It was a beautiful day for the coast, and the birds co-operated. After seeing several flights of ibis and oystercatchers at Bald Point, we were off to a good start. The beach at Alligator point looked pretty barren at a casual glance, but we walked along the rack lines and saw lots of birds digging through the seaweed. We sat down on the sand and watched one of the sanderlings work his way closer and closer so wec ould get good pictures. Then we saw a big group of oystercatchers resting on a dock. The coup for the day was at Mashes Sands -13 Marbled Godwits, who were feasting on horseshoe crab eggs on the beach.





Marbled Godwit & Ruddy Turnstone



Sanderling & Least Sandpiper



Sylvia Cohen sent us a great Marbled Godwit picture as well from the all day birdwalk to Bald Point.







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Thursday, September 20, 2007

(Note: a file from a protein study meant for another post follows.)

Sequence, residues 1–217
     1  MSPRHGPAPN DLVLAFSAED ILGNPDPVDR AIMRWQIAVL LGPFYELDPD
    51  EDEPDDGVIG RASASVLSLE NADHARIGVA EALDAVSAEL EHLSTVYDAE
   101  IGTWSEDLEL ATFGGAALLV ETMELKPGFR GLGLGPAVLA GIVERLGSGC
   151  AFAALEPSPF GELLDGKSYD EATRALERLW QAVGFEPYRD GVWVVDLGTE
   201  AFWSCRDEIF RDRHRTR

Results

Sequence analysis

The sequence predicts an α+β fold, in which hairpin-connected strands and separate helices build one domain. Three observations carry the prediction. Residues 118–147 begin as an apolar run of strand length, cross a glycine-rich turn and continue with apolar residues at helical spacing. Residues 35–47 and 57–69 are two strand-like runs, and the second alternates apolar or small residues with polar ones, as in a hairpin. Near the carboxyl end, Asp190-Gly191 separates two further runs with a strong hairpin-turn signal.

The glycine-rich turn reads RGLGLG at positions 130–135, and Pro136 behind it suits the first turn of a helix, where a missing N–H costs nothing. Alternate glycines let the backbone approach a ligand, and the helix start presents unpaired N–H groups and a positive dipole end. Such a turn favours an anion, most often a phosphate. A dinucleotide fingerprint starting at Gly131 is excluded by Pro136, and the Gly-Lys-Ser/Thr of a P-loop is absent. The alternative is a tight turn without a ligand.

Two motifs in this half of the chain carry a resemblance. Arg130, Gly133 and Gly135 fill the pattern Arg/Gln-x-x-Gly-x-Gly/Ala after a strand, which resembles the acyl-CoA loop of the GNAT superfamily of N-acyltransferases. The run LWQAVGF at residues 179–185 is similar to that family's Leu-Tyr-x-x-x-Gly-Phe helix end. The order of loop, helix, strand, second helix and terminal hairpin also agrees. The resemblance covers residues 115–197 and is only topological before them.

Pawnee National Grasslands

Carol Miller writes...

While in Colorado for the FSU-CU game last weekend, we went northeast of Denver to the Grasslands. It was amazing to see all that flat land right next to the mountains! As we drove around, we saw flocks of Horned Larks and Vesper Sparrows flying around the fields and perched on the fences. We also saw Northern Harrier, Swainson's Hawk, American Kestrel, and Red-tailed Hawks flying overhead, and a fox running across the fields.


Horned Lark


Vesper Sparrow


Vesper Sparrows are a fairly common winter visitor to the Florida Panhandle, the J R Alford Greenway on the east side of Tallahassee can be an excellent site to find them between November and March.
Horned Larks are very rare visitors to Florida; there were 3-4 located in Jackson County last winter, which isn't too far from Tallahassee. In winter Horned Larks prefer agricultural fields especially ones that have recently been ploughed.

Andy





Cooper's Hawk

Glenda Simmons writes...

I've had some interesing birding in my backyard recently, with another incident to share. This juvenile Cooper's Hawk was stalking my backyard birds. I was able to observe him (or her?) for several minutes at a close range, all the while snapping away photographs. I assume that it was just too intent on scoring his next meal, to be concerned with my presence. I'm glad to report that he flew off, still hungry.



Thursday, September 13, 2007

Who needs a Net!

Glenda Simmons writes...